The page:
Composting is one of Mother Nature’s miracles – it turns organic waste (like grass clippings, raked leaves, veggie peelings, fruit rinds and other produce leftovers) into rich soil. And it is one of the easiest things the average family can do to reduce their footprint and help the environment naturally. By turning everyday waste into compost, you can not only reduce the amount of garbage picked up curbside, hauled by fossil fuel operated trucks and dumped into landfills, but you will also gain free, 100 percent natural, organic fertilizer for your garden, flowerbeds and lawn. We’ve have found that composting has cut the amount of garbage we haul to the curb by 30 to 50 percent!
While many of us have heard about the benefits to composting, we have hesitated starting this project. Why? Because we are afraid it is complicated, messy and yet another household chore that is unlikely to get done.
But in reality, there are easy ways to get started, and the benefits are vast.
Here are some tips for composting simply without the mess and fuss (by the way, if you’re too busy to even read this, here’s a simple how-to video to help you get started):
1) Start small. One of the most common mistakes of any gardening project is to get over ambitious, and then stare at a half complete project for months, drenched in guilt. You can simply start with a plastic bin or a designated corner where you dump organic refuse. As you enjoy the results you can expand to a larger area.
2) Pick a convenient location. If your compost pile is far from your kitchen or your garden, you will be unlikely to visit it when the weather is cold or rainy. You can creatively “beautify” your compost pile by using dark green or black colors to camouflage or having your kids paint the container bright colors. You don’t really even need a “bin.” You can simply make a pile of leaves in the corner of the yard and add material to it. Keep a plastic bin (with a tight fitting lid, of course) under your sink for compostable kitchen waste, and add it to your bin (or pile) when it’s full.
3) Stay with “brown” and “green” materials. Brown materials, as the name implies are dried pine needles, leaves and dead plants. Green materials are “wet” fresh grass clippings and kitchen waste, such as vegetable peels, orange peels, watermelon rinds, egg shells (without egg contents), and coffee grounds (with filter paper). You can even add shredded newspaper and brown paper if you’re feeling adventurous. Many experts recommend layering or an ideal mix of two parts brown to one green but in reality these suggestions just accelerate the process. Any combination will work so don’t sweat it.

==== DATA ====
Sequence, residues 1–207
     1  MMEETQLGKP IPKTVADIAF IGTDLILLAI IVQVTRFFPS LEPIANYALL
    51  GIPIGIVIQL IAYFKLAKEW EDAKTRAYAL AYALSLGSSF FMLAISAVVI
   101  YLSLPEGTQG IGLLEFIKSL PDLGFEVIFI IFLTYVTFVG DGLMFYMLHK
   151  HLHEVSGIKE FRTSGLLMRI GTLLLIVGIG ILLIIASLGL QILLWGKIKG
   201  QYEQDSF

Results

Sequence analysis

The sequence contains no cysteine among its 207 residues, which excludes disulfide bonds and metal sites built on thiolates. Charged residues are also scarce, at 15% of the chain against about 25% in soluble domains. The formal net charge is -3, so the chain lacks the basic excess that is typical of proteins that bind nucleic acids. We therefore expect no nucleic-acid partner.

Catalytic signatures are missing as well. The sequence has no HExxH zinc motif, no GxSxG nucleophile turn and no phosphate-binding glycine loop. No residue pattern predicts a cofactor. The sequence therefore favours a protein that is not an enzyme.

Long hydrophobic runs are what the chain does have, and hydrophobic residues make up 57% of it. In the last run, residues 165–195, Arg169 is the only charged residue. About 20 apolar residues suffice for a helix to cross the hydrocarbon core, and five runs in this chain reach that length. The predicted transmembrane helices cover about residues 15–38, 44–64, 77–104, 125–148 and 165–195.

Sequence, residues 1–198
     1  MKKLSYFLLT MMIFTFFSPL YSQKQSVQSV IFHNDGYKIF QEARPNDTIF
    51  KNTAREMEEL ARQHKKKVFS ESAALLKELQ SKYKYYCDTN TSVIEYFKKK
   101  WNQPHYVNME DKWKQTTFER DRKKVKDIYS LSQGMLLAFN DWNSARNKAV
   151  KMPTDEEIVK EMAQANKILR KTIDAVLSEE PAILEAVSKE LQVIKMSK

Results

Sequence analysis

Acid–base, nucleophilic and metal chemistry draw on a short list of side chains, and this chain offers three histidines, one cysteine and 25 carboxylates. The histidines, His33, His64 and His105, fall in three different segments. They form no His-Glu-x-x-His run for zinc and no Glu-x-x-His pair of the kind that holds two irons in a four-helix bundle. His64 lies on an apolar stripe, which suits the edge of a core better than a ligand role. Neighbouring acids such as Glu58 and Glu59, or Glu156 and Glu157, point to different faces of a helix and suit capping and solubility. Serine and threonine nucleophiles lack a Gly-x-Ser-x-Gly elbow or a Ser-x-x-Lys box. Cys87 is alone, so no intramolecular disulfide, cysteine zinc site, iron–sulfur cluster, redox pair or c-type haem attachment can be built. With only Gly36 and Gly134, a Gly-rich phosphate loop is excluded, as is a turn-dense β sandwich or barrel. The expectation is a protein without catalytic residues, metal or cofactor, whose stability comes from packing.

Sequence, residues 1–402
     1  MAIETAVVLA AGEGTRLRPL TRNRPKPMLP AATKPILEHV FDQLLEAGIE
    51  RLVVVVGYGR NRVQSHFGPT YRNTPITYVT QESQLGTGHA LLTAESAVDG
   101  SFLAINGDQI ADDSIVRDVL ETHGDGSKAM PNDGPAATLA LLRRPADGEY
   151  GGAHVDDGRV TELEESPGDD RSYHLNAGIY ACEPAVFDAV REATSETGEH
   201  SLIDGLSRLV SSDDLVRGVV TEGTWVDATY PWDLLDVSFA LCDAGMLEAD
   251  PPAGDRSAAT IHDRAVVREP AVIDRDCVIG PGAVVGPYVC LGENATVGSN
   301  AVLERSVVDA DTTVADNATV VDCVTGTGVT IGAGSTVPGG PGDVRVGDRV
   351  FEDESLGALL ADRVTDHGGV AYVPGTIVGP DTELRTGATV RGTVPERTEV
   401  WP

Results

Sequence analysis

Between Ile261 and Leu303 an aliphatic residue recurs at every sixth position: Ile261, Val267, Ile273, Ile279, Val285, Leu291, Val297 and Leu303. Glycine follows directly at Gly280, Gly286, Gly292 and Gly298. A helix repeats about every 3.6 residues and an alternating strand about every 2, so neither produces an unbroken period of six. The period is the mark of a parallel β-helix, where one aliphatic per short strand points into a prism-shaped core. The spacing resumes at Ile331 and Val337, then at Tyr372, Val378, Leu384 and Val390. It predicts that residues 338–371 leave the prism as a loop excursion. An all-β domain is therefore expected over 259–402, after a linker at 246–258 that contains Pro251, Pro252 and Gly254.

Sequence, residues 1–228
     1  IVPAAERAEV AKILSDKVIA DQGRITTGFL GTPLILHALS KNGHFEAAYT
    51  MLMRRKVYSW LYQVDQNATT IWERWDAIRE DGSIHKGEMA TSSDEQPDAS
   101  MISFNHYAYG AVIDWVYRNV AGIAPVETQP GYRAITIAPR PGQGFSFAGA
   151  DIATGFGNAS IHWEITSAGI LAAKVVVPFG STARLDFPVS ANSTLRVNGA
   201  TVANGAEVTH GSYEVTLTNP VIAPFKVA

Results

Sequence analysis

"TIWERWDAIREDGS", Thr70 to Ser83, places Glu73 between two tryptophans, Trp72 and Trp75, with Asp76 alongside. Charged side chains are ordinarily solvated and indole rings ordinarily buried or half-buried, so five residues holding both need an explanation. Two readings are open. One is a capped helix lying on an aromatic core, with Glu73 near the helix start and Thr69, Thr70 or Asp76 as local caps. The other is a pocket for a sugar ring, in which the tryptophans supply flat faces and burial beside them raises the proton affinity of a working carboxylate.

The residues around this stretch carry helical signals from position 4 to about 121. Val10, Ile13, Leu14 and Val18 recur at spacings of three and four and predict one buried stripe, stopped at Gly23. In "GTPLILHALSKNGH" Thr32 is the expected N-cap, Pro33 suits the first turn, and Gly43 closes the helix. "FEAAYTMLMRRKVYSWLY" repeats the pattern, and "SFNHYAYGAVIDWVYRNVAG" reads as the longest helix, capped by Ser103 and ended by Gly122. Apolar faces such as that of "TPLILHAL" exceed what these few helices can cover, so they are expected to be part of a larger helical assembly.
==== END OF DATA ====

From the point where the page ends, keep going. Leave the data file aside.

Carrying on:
4) Avoid adding meats, oils and fruits. While Mother Nature eventually breaks down anything, these materials are also likely to attract rodents and slow down the overall composting process.
5) Keep things moist. Water is needed to attract worms, bacteria and fungi. If you live in a dry area or have dry seasons you can water with a hose and then place plastic covers on top to conserve the water and heat.
6) Turning is optional. Contrary to many guides, turning your compost pile is not necessary – it merely accelerates the process. When you are in the mood to marvel at the magic of earth’s re-creation, take out a shovel and enjoy (or you can invest in a compost container that you can spin every time you add to it.)
7) Consider composting indoors with a worm bin. While this may seem strange and even a bit gross, worm bins take little space and are very convenient, especially if you live in an apartment. And you will get lots of “cool parent” points!
8) Finally (after 6 – 12 months) you can enjoy the “fruits” of your labor! Sprinkle your compost on your lawn and garden, once it turns into dark and sweet smelling dirt, and enjoy the beautiful flowers, vegetables and fruits that your own rich soil will inspire.
Aviva Goldfarb helps busy parents let go of all the stress at 6:00 and bring joy and good nutrition back to the dinner table. She is a mother of two and the author and founder of The Six O’Clock Scramble, www.thescramble.com, an online dinner planning system and cookbook (St. Martin’s Press, 2006), and is author of “SOS! The Six O’Clock Scramble to the Rescue: Earth Friendly, Kid-Pleasing Meals for Busy Families” (St. Martin’s Press, 2010), which was named one of the best cookbooks of 2010 by on the Washington Post. She is also a weekly contributor to the Kitchen Explorers blog on PBSparents.org, and often appears on television, radio, and in magazines such as O, The Oprah Magazine, Real Simple, Working Mother, Kiwi, Every Day with Rachael Ray, Prevention, and many others. This article is adapted from her most recent cookbook.